Do it again - Loops

Why Use Loops?

Often times, projects that feature repeating patterns or duplicated actions result in a code that is overly long, and therefor difficult to troubleshoot. Take the following embedded code, which features a handful of alternating squares, as an example:

See the Pen Example Code by LSU DDEM ( @lsuddem) on CodePen.

https://codepen.io/lsuddem/pen/pKPLJZ

Take a look at the amount of repeating functions in our draw() block. We use one pair of fill() and rect() functions to create each square. Because of this, we would need 200 lines of code in order to make a line of 100 squares. There is also a significant amount of repetition within the arguments of each rect() function: the last three arguments (Y axis location, width, and height) of each rect() are exactly the same, with the X axis location being the only difference.

In order to simplify this process, we can create a self-contained loop that repeats a block of code for a set amount of times before stopping. This way, we can re-run the two lines of code needed to make the square as many times as we want without having to explicitly retype everything.

This second version of the project uses a type of loop known as a for loop to create 100 squares, alternating between teal and pink colors in the fill() function and placing each square 20 pixels away from the previous one. This results in a much shorter code that then we would have had if we didn’t use a loop :

See the Pen Example Code by LSU DDEM ( @lsuddem) on CodePen.

https://codepen.io/lsuddem/pen/PamXqd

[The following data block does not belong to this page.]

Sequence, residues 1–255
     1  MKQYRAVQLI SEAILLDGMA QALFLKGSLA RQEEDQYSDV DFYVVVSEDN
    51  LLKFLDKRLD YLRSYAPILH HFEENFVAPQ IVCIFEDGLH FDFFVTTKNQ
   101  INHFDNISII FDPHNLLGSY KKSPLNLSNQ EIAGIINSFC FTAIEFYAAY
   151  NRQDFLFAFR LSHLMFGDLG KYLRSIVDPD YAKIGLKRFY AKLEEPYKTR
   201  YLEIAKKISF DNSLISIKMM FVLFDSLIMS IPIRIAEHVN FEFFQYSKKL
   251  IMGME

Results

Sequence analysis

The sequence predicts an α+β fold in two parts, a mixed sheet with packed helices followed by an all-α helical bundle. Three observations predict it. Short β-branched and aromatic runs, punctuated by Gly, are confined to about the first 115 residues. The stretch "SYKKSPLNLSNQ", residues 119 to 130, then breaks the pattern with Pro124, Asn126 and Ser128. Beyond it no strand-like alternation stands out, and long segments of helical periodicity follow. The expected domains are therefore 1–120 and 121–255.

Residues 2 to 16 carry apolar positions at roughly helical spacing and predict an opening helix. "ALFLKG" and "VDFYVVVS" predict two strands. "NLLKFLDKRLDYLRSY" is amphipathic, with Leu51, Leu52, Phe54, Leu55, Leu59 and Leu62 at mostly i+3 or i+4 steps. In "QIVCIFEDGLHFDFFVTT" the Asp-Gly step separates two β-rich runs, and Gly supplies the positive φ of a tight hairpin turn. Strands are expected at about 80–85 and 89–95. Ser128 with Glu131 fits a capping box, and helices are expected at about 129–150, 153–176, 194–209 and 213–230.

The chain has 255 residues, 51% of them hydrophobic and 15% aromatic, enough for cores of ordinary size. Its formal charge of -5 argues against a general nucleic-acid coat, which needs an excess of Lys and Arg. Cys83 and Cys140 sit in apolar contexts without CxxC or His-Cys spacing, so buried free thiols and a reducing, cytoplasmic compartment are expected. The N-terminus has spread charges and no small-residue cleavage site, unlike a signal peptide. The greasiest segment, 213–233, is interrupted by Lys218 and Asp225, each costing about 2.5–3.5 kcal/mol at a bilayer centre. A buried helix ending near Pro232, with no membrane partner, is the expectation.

Understanding For Loops

The following logic chart breaks down the basic concept behind how a for loop works:

To create a for loop, we first design a set of statements that control how many times the loop runs and separate each one with a semicolon. First, we create a variable for use in the loop and initialize it with a starting value. This variable is typically given a one-letter label and is different from any other variable we are using elsewhere in our code. Next, we define a test that evaluates this variable on every loop and keeps the loop running as long as the test passes. If the test fails, the loop stops immediately. The test is always a relational expression, relating the value on the left to the value on the right (a table of common relational expressions and their operators can be found below). Finally, we write a statement that allows the loop variable to be updated every time the test is passed.

Translated into code, here is what the structure of a for loop looks like:

for (create variable; test; update variable){
   repeated result block
}

In the embedded code below, our loop draws multiple lines. The variable i is declared with an initial value of 20. The loop runs for as long as i is less than 400. Every time the test passes, the value of i is updated to be the result of itself plus 8 (20, 28, 36, etc.). When i grows to be bigger than 400, the loop stops. Try adding console.log(i) inside of the loop’s result block to see the growing value of i with each loop:

See the Pen Example Code by LSU DDEM ( @lsuddem) on CodePen.

https://codepen.io/lsuddem/pen/KemQoy

Relational Expressions and their Operators

Operator Expression
> Greater than
< Less than
== Equal to
>= Greater than or equal to
<= Less than or equal to
!= Not equal to

More For Loop Examples

Here are some examples of projects that use for loops to create complex designs. Try to determine how all three statements of the for loop work and how they create the resulting patterns for each code embedded below:

See the Pen Example Code by LSU DDEM ( @lsuddem) on CodePen.

https://codepen.io/lsuddem/pen/oyWEqr

See the Pen Example Code by LSU DDEM ( @lsuddem) on CodePen.

https://codepen.io/lsuddem/pen/NzjyLg

Nested For Loops